The Times: Remainers are undermining Brexit talks and damaging Britain

We have agreed to delay Brexit by nearly two years and become a vassal state of the EU for at least that interregnum. For the privilege of having no say in EU affairs but being a rule taker, the UK taxpayer will hand over to the EU the equivalent of our Second World War debt. You could not make it up!

During this period our fishing grounds will continue to be plundered and quotas stitched up in favour of the Continent and the prime minister will have signed up to a “backstop” deal on Northern Ireland, which is the antithesis of her categoric statement that no British prime minister would countenance the annexation of British territory by a foreign power.

Worse, there is no incentive for the EU or our flaky civil servants to achieve anything else other than the backstop. Furthermore, we run the risk that during this period anything could happen.

A tough negotiating stance or smoke and mirrors?

All of this is quite unnecessary and is a direct consequence of Remainers at home, such as the CBI, undermining the negotiating position of the government and thus damaging Britain.

Instead the government should have declared in the beginning their intentions for the post Brexit economy — lower taxes, better regulation, trade deals and tariff removal, free market, free trade — declared for global trade under WTO rules from March 2019 and invited the EU to discuss a trade arrangement if they wished to.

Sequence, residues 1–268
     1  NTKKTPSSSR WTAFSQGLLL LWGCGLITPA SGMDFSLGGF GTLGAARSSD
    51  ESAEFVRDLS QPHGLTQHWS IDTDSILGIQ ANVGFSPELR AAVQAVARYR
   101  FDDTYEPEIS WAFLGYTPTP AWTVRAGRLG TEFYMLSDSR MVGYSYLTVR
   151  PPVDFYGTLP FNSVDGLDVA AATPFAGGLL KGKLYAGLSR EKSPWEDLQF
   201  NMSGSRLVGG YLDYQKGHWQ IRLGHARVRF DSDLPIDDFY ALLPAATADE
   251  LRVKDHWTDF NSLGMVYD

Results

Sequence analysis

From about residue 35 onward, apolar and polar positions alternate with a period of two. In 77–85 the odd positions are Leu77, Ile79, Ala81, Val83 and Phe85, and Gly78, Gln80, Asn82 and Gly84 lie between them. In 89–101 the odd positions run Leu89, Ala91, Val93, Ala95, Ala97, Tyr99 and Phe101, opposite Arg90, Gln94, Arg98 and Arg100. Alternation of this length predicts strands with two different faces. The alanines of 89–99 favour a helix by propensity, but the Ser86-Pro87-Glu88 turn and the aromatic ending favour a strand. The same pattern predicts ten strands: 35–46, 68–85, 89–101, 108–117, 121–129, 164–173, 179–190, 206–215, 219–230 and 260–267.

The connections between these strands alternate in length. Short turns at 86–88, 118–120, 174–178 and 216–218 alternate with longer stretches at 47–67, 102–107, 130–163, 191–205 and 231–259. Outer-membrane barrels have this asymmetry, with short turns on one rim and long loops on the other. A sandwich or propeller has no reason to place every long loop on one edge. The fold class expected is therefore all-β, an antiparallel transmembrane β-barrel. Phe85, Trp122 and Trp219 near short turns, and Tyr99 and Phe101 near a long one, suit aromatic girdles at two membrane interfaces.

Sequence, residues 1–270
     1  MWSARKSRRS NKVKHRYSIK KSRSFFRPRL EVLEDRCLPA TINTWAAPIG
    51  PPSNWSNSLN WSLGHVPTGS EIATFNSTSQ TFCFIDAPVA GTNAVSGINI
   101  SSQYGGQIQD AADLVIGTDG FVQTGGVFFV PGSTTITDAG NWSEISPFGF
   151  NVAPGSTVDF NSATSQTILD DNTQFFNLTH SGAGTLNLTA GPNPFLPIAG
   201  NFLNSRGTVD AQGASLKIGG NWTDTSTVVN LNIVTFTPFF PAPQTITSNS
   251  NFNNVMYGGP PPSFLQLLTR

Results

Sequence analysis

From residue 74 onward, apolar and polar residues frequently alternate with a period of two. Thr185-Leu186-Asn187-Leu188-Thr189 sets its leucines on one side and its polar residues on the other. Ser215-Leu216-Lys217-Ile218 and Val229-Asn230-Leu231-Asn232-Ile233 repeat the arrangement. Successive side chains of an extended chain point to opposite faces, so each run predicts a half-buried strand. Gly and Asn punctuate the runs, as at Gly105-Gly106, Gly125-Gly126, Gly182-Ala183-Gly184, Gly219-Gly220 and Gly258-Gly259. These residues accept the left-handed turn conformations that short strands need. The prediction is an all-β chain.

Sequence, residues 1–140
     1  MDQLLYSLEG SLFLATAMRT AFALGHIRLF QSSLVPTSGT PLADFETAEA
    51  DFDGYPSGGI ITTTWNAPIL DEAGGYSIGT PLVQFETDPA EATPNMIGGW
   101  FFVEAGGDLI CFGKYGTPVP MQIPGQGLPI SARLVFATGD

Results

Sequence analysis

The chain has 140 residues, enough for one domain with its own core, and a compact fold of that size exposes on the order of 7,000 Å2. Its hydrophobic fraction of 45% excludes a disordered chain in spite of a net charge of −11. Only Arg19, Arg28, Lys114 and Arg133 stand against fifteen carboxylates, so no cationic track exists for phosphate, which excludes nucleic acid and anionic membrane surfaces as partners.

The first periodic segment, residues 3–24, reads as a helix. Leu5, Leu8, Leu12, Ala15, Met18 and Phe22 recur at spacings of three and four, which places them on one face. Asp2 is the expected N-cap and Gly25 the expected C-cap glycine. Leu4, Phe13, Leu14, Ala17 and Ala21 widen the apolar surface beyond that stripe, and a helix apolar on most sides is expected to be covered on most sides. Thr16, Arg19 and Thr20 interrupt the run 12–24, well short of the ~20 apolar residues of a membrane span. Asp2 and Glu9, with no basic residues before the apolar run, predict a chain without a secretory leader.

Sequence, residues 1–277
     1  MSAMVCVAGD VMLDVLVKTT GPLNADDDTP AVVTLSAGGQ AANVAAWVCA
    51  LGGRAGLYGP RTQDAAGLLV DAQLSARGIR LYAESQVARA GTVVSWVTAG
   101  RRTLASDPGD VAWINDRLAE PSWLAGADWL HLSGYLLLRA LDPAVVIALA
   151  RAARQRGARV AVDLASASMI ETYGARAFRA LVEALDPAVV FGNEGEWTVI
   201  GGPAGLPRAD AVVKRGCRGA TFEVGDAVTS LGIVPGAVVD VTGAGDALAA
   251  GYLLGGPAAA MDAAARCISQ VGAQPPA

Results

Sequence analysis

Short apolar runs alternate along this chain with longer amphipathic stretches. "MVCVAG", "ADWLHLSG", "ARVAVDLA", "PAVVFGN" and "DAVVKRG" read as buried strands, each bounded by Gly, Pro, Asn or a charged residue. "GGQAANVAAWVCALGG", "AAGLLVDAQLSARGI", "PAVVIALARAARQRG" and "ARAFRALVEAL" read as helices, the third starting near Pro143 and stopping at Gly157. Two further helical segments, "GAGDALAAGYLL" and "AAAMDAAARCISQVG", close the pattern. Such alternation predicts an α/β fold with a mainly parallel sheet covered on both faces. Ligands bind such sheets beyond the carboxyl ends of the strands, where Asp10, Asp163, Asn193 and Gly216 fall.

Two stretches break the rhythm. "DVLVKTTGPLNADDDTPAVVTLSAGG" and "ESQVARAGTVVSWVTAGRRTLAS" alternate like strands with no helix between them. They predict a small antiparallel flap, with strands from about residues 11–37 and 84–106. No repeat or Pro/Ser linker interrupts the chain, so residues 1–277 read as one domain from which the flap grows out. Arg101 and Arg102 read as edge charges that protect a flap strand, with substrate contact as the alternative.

Of course “no trade, no money” would have been our mantra. It would have provided certainty, thus no so-called cliff edge and no need for a transition. As it is we now have another cliff edge in 2020.

It is not too late. The EU has said repeatedly that it is prepared to accept a Canada-style deal. This is perfectly satisfactory. As this is where we will end up anyway, we should opt for it now covering at least 98 per cent of goods and 92 per cent of agriculture.

It won’t cover the 0.75 per cent of GDP from financial services for which there is a single market, but this is marginal and there are workarounds. It should be remembered that, for practical purposes, there is no single market in services anyway so there is nothing to access.

Given such a deal, agreed swiftly, there would be no need for a transition period at all, or at the very most a transition of weeks while the deal is ratified by the 27 member states.

Rather than delay all the manifest opportunities and benefits of Brexit we should get on and seize these in March 2019, not allow ourselves to become an EU client state. But this does require the courage and decisiveness of actual leadership.

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